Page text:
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Suppression of Tumor Angiogenesis by Nonsteroidal Anti-Inflammatory Drugs: A New Function for Old Drugs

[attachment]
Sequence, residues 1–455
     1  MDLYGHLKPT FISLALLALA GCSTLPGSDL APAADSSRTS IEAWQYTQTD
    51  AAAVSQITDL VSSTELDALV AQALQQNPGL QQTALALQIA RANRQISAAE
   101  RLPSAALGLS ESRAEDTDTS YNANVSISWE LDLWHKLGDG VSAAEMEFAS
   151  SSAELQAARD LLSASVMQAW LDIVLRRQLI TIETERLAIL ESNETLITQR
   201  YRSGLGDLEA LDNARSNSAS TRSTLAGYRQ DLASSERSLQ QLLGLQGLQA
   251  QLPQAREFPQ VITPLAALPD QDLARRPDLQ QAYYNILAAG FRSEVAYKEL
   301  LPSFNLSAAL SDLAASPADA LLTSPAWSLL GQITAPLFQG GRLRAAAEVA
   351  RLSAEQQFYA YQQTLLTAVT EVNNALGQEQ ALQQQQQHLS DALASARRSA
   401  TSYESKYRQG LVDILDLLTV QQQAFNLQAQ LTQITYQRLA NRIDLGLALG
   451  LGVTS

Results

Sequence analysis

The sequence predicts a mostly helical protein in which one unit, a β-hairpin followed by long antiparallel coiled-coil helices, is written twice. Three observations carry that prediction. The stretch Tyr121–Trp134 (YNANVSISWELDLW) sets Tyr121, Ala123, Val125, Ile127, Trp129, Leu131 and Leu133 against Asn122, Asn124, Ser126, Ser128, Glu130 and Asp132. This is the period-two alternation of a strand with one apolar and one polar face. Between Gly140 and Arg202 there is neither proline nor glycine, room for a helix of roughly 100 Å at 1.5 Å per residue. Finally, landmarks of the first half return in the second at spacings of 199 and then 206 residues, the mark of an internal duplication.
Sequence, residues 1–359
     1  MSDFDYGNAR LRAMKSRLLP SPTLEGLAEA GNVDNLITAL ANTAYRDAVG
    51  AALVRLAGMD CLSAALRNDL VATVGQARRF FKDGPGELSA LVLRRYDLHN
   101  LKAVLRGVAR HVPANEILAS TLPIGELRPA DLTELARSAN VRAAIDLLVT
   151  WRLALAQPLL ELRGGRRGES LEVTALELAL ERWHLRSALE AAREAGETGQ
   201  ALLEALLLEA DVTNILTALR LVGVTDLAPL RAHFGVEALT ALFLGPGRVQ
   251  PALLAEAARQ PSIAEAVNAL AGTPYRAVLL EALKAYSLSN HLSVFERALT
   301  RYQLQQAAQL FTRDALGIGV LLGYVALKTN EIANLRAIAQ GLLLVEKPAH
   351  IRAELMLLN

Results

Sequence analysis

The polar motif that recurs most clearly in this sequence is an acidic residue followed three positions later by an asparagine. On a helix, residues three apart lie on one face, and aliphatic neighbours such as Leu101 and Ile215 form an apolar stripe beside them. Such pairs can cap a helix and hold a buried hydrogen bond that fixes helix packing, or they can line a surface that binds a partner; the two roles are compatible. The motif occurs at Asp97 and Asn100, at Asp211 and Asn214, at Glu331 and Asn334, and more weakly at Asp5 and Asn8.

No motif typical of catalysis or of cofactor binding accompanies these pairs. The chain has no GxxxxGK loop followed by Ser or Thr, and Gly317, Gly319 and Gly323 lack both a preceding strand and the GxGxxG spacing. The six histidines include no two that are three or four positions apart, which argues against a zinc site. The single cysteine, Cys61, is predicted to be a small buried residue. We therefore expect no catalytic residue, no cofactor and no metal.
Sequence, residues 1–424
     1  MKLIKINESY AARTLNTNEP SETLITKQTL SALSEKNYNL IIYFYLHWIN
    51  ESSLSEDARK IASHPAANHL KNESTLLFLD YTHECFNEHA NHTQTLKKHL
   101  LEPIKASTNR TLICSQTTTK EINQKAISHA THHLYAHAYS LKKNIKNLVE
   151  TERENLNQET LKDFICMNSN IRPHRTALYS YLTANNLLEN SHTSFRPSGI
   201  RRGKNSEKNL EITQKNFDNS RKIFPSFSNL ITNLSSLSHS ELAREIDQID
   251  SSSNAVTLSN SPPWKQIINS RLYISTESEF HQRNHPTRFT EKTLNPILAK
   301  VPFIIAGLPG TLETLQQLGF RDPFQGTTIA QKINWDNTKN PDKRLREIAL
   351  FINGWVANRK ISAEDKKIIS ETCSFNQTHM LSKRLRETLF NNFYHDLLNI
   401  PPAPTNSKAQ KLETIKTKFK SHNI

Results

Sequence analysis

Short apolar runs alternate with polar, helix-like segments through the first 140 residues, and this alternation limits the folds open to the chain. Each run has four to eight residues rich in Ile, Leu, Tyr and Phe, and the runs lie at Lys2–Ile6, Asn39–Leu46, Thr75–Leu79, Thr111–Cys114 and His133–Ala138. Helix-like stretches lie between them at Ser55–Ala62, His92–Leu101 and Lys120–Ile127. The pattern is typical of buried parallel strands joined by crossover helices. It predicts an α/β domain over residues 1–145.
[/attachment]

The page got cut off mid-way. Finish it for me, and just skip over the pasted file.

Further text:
There is solid epidemiological evidence demonstrating that the regular use of nonsteroidal anti-inflammatory drugs (NSAIDs) reduces the risk of developing colorectal cancer, and to a lesser extent gastric and esophageal cancers. Importantly, NSAIDs suppress colon polyp formation and progression in patients diagnosed with familial adenomatous polyposis coli (APC). In many animal studies, NSAIDs have been shown to prevent tumor formation and slow tumor progression, thus confirming and extending the clinical observations[3,4,5]. Recent findings have demonstrated that NSAIDs inhibit angiogenesis, suggesting that the tumor suppressive activity of these drugs may be due, at least in part, to their ability to inhibit tumor angiogenesis. The study of the mechanism by which NSAIDs suppress tumor angiogenesis, is matter of intense research.